Conventional business analysis practices that assume a stable and predictable environment encourage us to develop all the requirements up front, get them approved, and then fiercely control changes. As we have seen, conventional linear project cycles work well and should be used for predictable, repeatable projects; however, this approach has proven to be no match for chaotic 21st-century projects. Figure 15 compares the characteristics of projects on which conventional linear practices can be successfully used with the characteristics of projects that require a more adaptive model. A blend of the linear, adaptive, and eXtreme models is almost always the answer. The trick is to know when and how to apply which approach.
What exactly does it mean to operate on the edge of chaos? Complex systems fluctuate between a static state of equilibrium and an adaptive state of chaos. If a system remains static, it will eventually result in paralysis and death. Whereas, if a complex system is in chaos, it is unable to function. So, here is the genius of complexity: it breeds and nourishes creativity, as complex systems adapt to changes in the environment for survival. Complexity scientists tell us that the most creative and productive state is at the edge of chaos. (Refer to figure 16.) Therefore, complex project teams must operate at the edge of chaos for a time in order to allow the creative process to flourish. The business analyst assigned to a complex project must use adaptive business analysis methods to foster an environment where creativity is possible. The next article in this series explores the business analyst as creative leader of complex projects who are living on the edge.
Putting It All Together: What Does This Mean to the Business Analyst?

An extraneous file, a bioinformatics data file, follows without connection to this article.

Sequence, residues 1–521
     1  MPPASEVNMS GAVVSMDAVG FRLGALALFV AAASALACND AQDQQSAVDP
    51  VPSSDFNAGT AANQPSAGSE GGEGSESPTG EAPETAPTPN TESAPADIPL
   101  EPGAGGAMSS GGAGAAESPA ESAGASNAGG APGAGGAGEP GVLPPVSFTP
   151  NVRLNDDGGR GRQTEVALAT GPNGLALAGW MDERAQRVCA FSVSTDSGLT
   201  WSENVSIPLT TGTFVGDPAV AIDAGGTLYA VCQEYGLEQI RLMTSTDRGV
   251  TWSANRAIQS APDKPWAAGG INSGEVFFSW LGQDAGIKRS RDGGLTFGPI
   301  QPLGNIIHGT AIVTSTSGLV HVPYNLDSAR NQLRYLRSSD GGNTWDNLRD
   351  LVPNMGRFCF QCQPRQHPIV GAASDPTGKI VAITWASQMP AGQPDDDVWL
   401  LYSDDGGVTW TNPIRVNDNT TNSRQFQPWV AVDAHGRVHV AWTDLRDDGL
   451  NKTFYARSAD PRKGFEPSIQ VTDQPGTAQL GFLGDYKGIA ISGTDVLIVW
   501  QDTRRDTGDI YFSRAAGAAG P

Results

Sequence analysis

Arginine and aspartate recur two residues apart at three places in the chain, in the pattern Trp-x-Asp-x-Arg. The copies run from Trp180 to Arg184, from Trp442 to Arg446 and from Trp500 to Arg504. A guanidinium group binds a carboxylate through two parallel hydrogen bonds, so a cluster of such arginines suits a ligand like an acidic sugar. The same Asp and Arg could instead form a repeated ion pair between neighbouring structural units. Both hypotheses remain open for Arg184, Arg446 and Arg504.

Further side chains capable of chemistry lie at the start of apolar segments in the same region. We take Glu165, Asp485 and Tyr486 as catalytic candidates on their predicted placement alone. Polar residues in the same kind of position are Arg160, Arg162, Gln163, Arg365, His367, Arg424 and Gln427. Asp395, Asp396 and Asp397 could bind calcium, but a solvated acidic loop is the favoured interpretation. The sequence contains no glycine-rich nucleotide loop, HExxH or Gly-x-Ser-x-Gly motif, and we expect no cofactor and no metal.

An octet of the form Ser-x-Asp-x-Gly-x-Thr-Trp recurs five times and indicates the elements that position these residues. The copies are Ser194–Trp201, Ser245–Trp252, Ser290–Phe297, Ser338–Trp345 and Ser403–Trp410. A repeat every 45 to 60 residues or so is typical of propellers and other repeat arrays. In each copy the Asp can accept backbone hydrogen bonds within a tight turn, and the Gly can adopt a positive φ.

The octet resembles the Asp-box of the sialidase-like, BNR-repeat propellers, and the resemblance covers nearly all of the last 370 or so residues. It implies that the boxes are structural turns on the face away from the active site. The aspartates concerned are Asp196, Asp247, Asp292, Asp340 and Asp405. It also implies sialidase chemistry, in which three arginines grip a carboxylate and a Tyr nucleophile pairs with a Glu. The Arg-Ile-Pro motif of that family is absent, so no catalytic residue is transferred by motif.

A business analyst who is an asset to highly complex projects is comfortable with lots of uncertainty and ambiguity in the early stages of a project. She leads and directs plenty of sessions of brainstorming, alternative analysis, experimentation, prototyping, out-of-the-box thinking, and trial and error, and encourages the team to keep options open until they have identified an innovative solution that will allow the organization to leap ahead of the competition. The BA who does not embrace complexity does so at her own peril.
Kitty is the president of her consulting practice specializing in enterprise business analysis, complex project management, and strategy execution. She is a prominent presenter at industry conferences, author and facilitator. Her BA Assessment Practice is the gold standard in the industry. KHass BA Assessments:
- Appraise both BA organizational maturity and individual/workforce BA capability based on four-stage reference models
- Present results that are continuously examined for reliability and validity by Lori Lindbergh, PhD, Senior Researcher and Psychometrician , Lorius, llc
- Benchmark results against a global data base of BAs performing comparable work
- Align with the IIBA BABOK® and the BA Competency Model®
- Align with standards and best practices for quality and fairness in educational and psychological assessment
- Are based on the skills and knowledge needed to work successfully on the complexity of current project assignments
- Examine critical relationships between competency, project complexity, and project outcomes.